Is there a future for a high-rez music medium?

Clearly from last week's survey, most of you feel that SACD and DVD-Audio are on the skids. But is it terminal? Do you think that high-resolution audio has a future?

Is there a future for a high-rez music medium?
29% (60 votes)
Most likely
15% (31 votes)
26% (54 votes)
Not likely
26% (54 votes)
3% (7 votes)
Total votes: 206

CCH's picture

Take it away from the major labels and maybe high-rez has a chance.

audio-sleuth's picture

A better question is does music have a future? While we re-arange the deck chairs called DVD-A and SACD, classical and jazz are also on the skids. This is a bigger problem how we play them.

Paul J.  Stiles, Mtn.View, CA's picture

Even though I own two SACD players, I do not put much faith in the survival either high-rez formats. Major music labels are just not supporting them. I guess their money is going to lawyers to sue customers. Sony, in the case of SACD, seems to be giving only token support to SACD anymore. I have learned my lesson when it comes to non-mainstream formats. Hear that, Sony? So, when the two high-rez DVD formats are out, I'll wait and see which one, if any, is the winner before I buy.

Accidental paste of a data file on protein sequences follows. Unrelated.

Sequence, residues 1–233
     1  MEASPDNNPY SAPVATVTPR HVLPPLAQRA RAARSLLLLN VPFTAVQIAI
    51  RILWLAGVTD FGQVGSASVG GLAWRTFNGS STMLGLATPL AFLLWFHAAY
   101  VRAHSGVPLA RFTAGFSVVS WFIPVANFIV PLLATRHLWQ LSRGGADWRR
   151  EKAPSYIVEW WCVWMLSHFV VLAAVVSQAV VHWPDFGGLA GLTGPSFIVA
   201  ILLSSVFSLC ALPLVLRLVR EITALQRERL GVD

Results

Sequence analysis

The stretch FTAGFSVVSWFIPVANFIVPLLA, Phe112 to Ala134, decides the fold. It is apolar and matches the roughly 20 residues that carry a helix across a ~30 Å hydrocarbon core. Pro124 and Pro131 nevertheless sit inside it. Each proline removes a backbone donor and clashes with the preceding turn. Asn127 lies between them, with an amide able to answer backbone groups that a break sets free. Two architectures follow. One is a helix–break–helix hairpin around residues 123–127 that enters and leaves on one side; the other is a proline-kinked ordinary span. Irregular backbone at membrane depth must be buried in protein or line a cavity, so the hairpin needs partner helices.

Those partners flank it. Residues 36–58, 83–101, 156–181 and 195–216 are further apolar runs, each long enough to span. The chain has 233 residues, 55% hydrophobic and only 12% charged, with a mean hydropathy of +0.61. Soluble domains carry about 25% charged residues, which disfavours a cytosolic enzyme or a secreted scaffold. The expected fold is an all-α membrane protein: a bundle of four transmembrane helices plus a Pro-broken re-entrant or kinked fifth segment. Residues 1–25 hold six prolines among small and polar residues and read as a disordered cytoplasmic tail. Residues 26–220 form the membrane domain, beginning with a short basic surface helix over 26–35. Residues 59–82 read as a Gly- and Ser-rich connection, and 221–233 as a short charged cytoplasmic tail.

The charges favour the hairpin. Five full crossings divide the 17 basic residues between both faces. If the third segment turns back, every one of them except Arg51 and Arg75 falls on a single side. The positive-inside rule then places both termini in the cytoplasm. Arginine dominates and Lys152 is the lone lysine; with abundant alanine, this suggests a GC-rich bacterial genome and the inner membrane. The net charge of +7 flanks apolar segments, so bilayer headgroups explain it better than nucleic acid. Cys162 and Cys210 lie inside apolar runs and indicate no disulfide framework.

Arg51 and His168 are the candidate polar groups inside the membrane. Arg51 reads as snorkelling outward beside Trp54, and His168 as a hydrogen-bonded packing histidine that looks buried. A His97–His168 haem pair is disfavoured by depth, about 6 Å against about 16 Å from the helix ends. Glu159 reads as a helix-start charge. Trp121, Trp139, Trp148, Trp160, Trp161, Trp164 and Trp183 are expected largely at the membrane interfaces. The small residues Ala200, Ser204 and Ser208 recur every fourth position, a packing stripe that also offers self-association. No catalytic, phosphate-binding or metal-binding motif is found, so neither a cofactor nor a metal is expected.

Rico C's picture

With $59 players who cares?

DAB, Pacific Palisades, CA's picture

It is cancerous. People are listening to high-rez that is neither high nor resolute. Having been in the music business for many years, I have have been afforded the opportunity to audition every format imaginable. SACD and DVD-A sound abhorrant. I believe that the question is whether the average audio consumer really know what they are listening for. I suspect that the answer is unfortunately negative. It is my wish that every "average" high-rez consumer could experience the utter bliss that a "lo-rez" (tubes and 'table) rig can bring to lovers of music. The high-rez craze puts me in mind of the early days of the cd: perfect sound forever. If all hi-rez producers are claiming the same catch phrase, many consumers are going to be quite unhappy in no time flat.

Woody Battle's picture

SACD will survive as an audiophile format but it will never be accepted by the general public.

Al Earz's picture